Objective: In vitro diffusion experiments were performed to assess the permeation of magnesium sulfate across pig skin.
Method: The mean thickness of the dermatomed porcine skin was 648 ± 12 µm. Magnesium concentration was measured using inductively coupled plasma-optical emission spectroscopy. Transdermal flux of magnesium sulfate across MN-treated and untreated porcine skin was obtained from the slope of the steady-state linear portion of cumulative amount versus time curve.
Results: Statistical analysis of the results was done with Student’s t-test. The transdermal flux of magnesium sulfate across microneedle-treated porcine skin was 134.19 ± 2.4 µg/cm2/h, and transdermal flux across untreated porcine skin was 4.64 ± 0.05 µg/cm2/h. Confocal microscopy was used to visualize the microchannels created by a solid microneedle roller (500 µm).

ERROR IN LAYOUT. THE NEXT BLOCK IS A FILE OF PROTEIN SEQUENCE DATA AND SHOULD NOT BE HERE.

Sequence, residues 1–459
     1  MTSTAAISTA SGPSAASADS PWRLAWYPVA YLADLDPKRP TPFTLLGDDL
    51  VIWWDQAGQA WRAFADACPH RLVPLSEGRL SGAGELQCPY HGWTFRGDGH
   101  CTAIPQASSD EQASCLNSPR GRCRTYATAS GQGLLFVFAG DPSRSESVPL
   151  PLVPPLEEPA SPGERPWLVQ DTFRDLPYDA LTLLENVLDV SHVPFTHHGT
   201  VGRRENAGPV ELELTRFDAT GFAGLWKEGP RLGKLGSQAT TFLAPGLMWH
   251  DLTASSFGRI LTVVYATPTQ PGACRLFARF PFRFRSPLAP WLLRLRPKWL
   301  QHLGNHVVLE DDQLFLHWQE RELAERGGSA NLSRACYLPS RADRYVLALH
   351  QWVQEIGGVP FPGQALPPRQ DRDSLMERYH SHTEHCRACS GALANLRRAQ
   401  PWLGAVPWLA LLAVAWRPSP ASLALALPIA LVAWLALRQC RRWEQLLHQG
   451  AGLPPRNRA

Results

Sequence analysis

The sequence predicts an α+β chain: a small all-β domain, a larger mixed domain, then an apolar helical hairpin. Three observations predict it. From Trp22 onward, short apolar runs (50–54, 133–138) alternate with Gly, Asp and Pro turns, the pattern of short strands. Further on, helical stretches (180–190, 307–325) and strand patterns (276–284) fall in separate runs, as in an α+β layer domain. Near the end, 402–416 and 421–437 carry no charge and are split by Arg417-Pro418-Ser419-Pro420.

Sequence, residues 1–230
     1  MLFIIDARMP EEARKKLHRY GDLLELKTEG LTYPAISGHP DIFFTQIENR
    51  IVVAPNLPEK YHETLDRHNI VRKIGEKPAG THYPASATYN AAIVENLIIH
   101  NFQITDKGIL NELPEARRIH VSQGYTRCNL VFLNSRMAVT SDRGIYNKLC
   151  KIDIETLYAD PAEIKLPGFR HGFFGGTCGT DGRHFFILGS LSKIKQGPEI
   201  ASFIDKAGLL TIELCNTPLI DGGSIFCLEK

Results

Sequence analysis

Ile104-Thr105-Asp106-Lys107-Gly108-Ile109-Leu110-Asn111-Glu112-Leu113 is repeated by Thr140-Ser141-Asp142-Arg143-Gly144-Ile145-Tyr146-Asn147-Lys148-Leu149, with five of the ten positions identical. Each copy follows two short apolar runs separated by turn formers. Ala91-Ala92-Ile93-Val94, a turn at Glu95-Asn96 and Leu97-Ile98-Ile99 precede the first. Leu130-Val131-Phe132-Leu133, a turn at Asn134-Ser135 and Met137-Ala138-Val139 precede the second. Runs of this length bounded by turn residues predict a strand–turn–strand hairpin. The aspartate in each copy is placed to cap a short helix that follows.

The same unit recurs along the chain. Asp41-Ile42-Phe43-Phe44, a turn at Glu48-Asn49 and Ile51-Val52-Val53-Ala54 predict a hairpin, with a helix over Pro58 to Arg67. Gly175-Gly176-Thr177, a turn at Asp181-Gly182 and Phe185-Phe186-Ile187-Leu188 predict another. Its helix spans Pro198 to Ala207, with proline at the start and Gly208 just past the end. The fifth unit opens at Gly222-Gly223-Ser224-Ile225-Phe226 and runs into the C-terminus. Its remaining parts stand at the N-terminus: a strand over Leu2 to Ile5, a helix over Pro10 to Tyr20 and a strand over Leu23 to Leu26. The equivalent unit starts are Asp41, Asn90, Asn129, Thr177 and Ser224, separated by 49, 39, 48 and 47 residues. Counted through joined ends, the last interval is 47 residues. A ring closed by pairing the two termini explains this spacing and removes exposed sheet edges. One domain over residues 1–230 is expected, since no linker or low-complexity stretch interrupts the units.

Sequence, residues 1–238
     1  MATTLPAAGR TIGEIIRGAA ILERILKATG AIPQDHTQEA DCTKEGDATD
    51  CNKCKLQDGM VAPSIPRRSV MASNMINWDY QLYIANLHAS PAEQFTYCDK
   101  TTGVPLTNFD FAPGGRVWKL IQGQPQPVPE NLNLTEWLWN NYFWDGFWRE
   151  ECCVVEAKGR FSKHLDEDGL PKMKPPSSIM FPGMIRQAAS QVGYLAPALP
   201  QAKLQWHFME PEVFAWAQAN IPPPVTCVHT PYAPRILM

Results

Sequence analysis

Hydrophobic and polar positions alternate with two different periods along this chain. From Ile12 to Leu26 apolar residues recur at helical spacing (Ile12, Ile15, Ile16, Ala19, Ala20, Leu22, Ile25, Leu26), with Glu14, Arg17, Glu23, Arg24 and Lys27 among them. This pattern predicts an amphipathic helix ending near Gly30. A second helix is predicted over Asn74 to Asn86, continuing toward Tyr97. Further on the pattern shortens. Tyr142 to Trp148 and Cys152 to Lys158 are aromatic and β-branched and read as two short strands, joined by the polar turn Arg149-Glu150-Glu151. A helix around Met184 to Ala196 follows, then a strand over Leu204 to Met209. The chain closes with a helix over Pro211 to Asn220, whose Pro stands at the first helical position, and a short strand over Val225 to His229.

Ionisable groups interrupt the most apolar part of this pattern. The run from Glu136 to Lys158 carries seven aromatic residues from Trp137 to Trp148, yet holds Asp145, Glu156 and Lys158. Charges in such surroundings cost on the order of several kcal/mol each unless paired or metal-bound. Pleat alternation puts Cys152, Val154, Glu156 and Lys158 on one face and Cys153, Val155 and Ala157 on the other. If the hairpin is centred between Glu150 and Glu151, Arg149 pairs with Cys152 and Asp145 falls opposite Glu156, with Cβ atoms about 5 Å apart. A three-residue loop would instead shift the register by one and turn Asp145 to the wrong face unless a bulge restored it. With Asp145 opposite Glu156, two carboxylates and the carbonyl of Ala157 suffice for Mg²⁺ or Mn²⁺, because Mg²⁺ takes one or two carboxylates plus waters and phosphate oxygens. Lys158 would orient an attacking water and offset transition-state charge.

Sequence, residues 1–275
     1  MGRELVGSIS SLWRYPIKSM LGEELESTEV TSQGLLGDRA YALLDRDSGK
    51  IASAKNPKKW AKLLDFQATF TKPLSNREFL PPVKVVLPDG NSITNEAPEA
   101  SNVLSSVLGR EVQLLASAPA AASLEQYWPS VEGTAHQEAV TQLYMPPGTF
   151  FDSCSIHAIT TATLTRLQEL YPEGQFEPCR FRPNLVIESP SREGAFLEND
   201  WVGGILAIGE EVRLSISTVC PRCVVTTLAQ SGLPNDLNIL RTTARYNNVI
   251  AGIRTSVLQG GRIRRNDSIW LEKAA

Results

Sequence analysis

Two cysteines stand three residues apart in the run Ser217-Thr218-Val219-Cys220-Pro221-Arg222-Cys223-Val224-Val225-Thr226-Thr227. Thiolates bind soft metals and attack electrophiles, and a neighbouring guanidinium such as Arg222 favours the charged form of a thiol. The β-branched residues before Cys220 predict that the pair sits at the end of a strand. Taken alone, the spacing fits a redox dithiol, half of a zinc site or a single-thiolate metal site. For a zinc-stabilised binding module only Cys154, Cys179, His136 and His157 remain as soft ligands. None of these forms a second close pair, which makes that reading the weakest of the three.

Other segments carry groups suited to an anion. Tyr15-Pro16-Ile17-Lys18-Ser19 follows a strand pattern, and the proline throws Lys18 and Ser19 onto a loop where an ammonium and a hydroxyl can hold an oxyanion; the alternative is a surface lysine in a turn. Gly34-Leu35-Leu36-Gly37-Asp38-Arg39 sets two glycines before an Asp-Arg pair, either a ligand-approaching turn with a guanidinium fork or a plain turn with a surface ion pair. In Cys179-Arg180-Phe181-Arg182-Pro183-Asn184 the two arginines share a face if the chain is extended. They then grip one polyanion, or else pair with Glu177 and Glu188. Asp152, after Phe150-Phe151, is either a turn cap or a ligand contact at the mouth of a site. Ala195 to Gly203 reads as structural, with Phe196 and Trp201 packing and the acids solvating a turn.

Conclusion: From our confocal microscopy studies, it was evident that the 500 µm long microneedles disrupted the stratum corneum and created microchannels measuring 191 ± 37 µm. The increase in transdermal flux across the microneedle-treated skin was statistically significant compared to that of controls, i.e., without the application of microneedles. With the application of microneedles, the transdermal flux of magnesium permeated over 12 h was approximately 33-fold higher in comparison to passive diffusion across an intact stratum corneum.